Biophysique évolutive: intégrer la biophysique des protéines, la biologie évolutive et la génétique des populations pour prédire l'émergence de la résistance aux antibiotiques des microbes

 

Adrian  Serohijos

Université de Montréal

 

Domaine : maladies infectieuses et immunitaires

Programme Chercheurs-boursiers - Junior 1

Concours 2018-2019

Evolution is a unifying theme in the urgent medical and public health problems we face today such as cancer, the rise of antibiotic resistance, and the spread of pathogens. But the ability to predict evolution remains a major challenge because it requires bridging several layers of biological complexity. In antibiotic resistance for example, the mapping between the molecular properties of the target gene and microbial fitness (the "fitness landscape") define the potential pathways to resistance. But how the fitness landscape is explored also depends on the population dynamics of the microbes.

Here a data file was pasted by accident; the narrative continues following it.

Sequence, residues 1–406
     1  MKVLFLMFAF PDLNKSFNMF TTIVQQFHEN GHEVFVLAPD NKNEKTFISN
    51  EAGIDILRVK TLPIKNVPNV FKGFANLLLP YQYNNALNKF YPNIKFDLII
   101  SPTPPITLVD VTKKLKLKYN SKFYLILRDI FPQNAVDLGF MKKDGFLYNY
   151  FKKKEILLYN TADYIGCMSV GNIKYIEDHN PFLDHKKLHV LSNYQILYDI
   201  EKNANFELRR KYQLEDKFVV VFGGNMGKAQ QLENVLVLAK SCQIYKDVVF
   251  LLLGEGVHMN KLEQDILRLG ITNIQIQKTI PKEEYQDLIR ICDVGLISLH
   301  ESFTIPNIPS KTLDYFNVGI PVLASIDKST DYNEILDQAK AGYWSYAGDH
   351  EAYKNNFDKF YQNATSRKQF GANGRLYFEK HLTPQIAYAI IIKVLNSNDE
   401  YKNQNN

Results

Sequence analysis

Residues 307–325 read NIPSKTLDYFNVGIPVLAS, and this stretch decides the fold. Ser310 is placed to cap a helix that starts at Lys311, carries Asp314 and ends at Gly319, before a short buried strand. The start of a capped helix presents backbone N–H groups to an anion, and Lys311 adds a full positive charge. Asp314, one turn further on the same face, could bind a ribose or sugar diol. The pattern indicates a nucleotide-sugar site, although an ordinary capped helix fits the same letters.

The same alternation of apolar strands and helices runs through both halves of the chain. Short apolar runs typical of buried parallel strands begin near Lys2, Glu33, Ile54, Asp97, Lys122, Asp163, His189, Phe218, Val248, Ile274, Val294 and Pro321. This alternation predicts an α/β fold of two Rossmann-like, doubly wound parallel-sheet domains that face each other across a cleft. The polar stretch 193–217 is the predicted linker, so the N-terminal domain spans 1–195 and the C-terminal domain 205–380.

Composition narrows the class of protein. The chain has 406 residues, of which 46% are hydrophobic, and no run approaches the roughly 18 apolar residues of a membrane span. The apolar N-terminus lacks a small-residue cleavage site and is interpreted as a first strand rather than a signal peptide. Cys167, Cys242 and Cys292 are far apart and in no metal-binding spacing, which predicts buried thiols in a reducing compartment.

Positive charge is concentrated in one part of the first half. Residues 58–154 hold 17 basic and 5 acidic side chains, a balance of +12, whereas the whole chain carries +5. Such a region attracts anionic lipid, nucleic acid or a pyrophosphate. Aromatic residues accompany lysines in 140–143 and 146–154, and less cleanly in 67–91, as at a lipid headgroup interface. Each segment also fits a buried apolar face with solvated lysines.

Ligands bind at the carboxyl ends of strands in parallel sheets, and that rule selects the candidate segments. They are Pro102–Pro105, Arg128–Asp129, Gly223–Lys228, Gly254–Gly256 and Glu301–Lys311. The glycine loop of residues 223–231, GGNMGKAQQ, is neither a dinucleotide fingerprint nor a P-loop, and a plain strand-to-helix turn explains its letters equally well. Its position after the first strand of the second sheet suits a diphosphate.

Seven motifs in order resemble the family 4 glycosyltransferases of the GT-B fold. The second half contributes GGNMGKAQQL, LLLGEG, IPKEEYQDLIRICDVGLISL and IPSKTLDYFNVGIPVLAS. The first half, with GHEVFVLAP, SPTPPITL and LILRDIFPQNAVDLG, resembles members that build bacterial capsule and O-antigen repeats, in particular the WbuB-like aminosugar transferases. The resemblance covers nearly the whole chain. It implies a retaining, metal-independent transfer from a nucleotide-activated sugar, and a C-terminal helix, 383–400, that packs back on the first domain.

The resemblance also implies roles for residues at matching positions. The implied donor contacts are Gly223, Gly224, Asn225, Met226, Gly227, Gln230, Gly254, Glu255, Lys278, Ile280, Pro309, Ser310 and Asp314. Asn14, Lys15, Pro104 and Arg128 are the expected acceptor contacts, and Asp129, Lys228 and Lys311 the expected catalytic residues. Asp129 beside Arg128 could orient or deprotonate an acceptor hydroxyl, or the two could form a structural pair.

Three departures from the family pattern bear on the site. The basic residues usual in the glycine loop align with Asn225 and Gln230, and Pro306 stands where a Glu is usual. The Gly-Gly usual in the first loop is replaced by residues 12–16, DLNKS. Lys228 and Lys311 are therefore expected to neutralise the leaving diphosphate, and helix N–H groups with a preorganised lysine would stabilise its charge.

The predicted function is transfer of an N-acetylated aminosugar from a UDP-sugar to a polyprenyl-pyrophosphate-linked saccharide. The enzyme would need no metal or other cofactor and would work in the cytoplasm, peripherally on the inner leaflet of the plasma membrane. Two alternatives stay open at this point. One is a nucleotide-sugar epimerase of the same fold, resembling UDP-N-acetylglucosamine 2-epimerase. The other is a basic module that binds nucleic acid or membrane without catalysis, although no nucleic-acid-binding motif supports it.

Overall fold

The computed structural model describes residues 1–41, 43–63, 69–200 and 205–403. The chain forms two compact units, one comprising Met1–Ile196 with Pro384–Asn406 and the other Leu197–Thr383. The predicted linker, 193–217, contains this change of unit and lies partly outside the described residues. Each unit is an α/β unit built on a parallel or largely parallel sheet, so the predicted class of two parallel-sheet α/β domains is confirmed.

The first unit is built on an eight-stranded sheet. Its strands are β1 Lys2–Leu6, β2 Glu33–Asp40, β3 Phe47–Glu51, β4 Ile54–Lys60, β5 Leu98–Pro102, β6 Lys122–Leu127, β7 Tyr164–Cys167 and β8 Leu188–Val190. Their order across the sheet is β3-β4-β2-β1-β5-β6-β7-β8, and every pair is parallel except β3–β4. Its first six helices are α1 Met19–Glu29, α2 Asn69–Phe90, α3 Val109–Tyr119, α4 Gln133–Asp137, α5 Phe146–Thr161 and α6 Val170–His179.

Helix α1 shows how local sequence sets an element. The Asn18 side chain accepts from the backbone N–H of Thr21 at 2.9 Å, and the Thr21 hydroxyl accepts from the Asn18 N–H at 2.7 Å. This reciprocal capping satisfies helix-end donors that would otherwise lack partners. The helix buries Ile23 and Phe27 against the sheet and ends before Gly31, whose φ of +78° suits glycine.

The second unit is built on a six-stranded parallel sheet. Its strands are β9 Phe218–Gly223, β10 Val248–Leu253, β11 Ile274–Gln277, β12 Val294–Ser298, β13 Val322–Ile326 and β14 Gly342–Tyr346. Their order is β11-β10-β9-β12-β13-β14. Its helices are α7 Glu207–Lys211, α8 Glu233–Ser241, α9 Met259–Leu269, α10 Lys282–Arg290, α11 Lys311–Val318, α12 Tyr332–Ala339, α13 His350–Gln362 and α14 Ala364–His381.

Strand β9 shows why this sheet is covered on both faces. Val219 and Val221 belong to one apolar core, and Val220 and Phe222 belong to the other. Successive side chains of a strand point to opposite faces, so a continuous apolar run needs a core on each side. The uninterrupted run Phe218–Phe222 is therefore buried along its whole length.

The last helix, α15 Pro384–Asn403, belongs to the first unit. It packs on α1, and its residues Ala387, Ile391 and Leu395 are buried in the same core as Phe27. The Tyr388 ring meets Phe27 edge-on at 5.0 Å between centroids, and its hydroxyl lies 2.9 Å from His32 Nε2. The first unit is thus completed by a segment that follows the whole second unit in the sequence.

Antimicrobial resistance is an emerging health crisis that threatens our ability to control bacterial infections. Many of the advances in medical treatment such as organ transplants, cancer therapy, and treatment of chronic diseases such as diabetes, rheumatoid arthritis, and cystic fibrosis depend on the ability to fight infections with antibiotics. Thus, there is a practical need and challenge to understand the mechanism surrounding the evolution of antibiotic resistance. My laboratory addresses this challenge by developing a multi-scale framework for evolution that integrates protein biophysics with principles from evolutionary biology. In this proposal, our goal is to predict the near term evolution of microbial resistance against antibiotics. More broadly, the framework that we will develop can also be used to address other clinically relevant questions such as drug-resistance in cancer cells.